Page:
As India's Covid situation improves, MoCA allows airlines to hike flight capacity
The government had cut flight capacity by 30% on May 28 as falling demand endangered airlines' viability
The Indian Ministry of Civil Aviation (MoCA) has raised the capacity of domestic flights from 50% to 65% of pre-Covid levels. This means that airlines can now operate a maximum of 65% of their pre-Covid domestic flights. This comes as the Covid situation in India, which had reached alarming proportions in April-May, has shown distinct signs of improvement.
"Considering the increasing passengers' demand for domestic air travel, the capacity of domestic civil aviation operations will be increased to 65% from 50% from the date of issue of this order and up to 31.07.2021 or until further orders," the MoCA stated.
Since the domestic aviation sector was reopened after a two-month gap following the Covid-induced lockdown, the MoCA has adjusted the flight capacity periodically. When the domestic sector was reopened on May 25 last year, airlines were allowed to operate at only 33% capacity. However, airlines were operating at only 25% in reality, according to a Business Today report. As domestic traffic started to pick up, the government raised the capacity limit to 45% by the end of June and to 60% in September. In November, airlines were allowed to hike capacity to 70%, and then on December 3, it was raised to 80%.
Civil Aviation Minister Hardeep Singh Puri remained bullish about the recovery of Indian aviation and believed that a return to pre-Covid traffic numbers was just around the corner. During the festive season, demand for air travel added cheer to the sector, and India's aggressive vaccination drive held out a lot of hope. There were talks that the airlines may soon be allowed to run at full capacity. This confidence stemmed from the fact that domestic air traffic in India was seen to be inching towards pre-Covid normalcy, giving hope that the aviation industry in the country would soon shake off the recession that it was going through.
"2,73,845 passengers on 2,179 flights yesterday is a new high since domestic flights resumed on 25 May 2020. This takes us even closer to the pre-Covid numbers. Flying has emerged as the chosen mode of transport which offers efficiency, safety and predictability," Puri tweeted on January 11. Total footfall at airports was nearly five-and-a-half lakh.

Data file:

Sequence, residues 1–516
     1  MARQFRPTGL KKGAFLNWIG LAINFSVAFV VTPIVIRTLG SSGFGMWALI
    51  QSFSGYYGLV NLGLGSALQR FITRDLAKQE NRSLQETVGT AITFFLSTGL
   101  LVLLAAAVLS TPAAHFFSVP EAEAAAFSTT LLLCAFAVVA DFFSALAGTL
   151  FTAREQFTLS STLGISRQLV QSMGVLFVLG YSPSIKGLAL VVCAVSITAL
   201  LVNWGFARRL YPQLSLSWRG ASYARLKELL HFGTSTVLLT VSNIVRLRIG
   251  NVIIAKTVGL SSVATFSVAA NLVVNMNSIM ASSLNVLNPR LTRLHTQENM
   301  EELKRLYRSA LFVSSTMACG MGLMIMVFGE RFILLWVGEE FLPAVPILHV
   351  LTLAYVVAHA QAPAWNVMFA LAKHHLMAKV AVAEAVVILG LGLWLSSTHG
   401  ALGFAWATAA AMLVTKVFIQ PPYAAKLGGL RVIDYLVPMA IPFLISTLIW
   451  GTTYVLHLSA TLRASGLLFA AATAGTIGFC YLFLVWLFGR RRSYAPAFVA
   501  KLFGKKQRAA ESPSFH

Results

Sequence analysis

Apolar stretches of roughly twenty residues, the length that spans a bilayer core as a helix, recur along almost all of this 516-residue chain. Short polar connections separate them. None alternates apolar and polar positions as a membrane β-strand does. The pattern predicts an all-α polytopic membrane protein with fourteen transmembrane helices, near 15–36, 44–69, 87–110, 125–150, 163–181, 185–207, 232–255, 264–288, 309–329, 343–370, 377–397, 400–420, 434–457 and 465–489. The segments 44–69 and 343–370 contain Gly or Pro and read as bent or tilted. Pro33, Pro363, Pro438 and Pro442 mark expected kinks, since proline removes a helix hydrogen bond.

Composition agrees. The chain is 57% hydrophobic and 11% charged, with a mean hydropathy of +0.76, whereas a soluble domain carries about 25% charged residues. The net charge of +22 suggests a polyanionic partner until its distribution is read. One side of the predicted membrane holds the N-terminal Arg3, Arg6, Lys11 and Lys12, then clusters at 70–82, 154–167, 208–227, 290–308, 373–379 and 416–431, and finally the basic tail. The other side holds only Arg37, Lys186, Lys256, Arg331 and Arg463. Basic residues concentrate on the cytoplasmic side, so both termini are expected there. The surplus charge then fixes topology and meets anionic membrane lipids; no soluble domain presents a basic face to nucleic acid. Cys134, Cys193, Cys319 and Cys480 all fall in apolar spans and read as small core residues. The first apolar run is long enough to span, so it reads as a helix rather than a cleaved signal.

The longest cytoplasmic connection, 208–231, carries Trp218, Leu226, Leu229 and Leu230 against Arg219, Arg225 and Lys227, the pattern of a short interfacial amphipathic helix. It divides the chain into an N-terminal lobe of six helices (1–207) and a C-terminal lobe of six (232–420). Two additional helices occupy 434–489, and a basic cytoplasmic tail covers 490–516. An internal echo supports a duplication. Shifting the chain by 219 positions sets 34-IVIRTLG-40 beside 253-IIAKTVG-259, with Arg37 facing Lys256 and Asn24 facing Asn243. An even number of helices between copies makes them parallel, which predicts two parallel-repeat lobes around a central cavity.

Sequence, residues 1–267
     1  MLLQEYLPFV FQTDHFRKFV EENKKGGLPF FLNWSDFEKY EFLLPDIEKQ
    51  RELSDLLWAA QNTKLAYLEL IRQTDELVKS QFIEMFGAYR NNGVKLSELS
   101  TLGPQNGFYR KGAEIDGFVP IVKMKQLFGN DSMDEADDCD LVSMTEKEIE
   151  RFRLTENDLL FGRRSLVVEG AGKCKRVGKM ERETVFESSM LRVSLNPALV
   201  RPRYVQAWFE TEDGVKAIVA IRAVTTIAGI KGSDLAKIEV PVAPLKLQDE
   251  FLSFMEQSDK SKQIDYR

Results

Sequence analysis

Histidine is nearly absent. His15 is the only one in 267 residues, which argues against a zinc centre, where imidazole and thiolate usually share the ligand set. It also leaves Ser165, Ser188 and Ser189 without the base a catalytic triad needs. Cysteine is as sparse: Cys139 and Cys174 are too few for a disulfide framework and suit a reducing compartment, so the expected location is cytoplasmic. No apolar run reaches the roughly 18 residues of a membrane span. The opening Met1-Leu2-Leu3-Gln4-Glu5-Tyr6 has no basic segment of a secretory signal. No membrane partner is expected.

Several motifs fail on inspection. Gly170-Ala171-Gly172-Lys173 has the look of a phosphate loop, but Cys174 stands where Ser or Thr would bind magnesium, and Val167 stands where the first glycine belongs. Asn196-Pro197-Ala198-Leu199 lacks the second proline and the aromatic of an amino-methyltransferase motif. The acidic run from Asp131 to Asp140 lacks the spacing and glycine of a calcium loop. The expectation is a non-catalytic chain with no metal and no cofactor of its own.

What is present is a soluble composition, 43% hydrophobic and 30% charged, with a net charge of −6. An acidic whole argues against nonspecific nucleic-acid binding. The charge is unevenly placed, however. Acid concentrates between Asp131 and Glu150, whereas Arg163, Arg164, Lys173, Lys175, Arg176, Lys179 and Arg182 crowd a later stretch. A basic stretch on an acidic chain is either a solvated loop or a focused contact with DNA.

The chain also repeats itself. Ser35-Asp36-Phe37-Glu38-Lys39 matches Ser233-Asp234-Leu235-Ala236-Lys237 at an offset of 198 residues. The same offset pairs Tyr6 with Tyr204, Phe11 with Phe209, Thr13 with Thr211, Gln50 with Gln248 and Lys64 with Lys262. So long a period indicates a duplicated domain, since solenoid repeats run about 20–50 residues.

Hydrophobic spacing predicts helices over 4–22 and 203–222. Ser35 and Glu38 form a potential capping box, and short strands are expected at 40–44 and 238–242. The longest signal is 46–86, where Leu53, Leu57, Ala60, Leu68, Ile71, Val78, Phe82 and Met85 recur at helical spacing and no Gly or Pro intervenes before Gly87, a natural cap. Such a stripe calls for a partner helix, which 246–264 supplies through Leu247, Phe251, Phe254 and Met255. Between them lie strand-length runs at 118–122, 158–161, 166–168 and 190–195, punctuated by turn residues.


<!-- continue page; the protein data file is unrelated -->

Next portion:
According to the then Civil Aviation Secretary Pradeep Singh Kharola, the domestic civil aviation sector was expected to return to normal in two-to-three months.
"The sector remained resilient during the ongoing Covid-19 pandemic, but I don't think that the bad period is over. It will take the next two-to-three months for the country's domestic civil aviation sector to return to its normal. Big countries like India, which have a huge domestic market, are where the future of aviation lies," he said during a webinar organised by the industry body Federation of Indian Chambers of Commerce and Industry (FICCI).
However, the airlines were cautious about running at full capacity even though the government seemed much more optimistic about the sector regaining pre-Covid health. In fact, the airlines told the government that they would not be able to operate at full capacity without clarity on the return of traffic. They asked the government to delay such a move, implying that they would not be able to profitably deploy any more capacity.
The second wave of Covid and the resultant restrictions imposed on air travel by various states and the general unwillingness of the flyers to travel tended to undo all the gains made by the industry over a year or so. Therefore, in April, flight capacity was kept fixed at 80% of the pre-Covid numbers till 11.59 pm on May 31.
However, on May 28 itself, the government, faced with a drastic downturn in demand, decided to cut flight capacity sharply and make it 50% of pre-Covid levels. This was done as plummeting demand impacted airlines' passenger load factor (PLF), or the percentage of a plane's available seating capacity that is occupied. This in turn endangered the viability of airlines. The new rule was planned to come into effect from June 1 and last till July 31, The Hindu reported.
On May 31, 2021, airport footfall stood at 1,40,031, according to MoCA data. There were only 1,684 aircraft movements. The traffic figures were alarmingly close to what they were exactly a year back.
Now, the upward revision in flight capacity provides renewed hope that the Indian aviation sector is back on the recovery path. "Domestic aviation operations continue with all Covid protocols in place. Number of domestic passengers increases as flying emerges as a preferred, safe and time-saving mode of transport. On 4 July 2021 - 1,74,905 passengers on 1,467 flights. Total flight movements: 2,938," Puri tweeted on July 5.
According to Ministry of Health and Family Welfare (MoHFW) data, India reported less than 40,000 new cases of Covid over 24 hours on July 5. The active caseload of the country declined to 4,82,071 and active cases were just 1.58% of total cases. The recovery rate jumped to 97.11% and daily recoveries continued to outnumber daily new cases for the 53rd day on the trot.
(Cover image courtesy Unsplash/Vivek Doshi)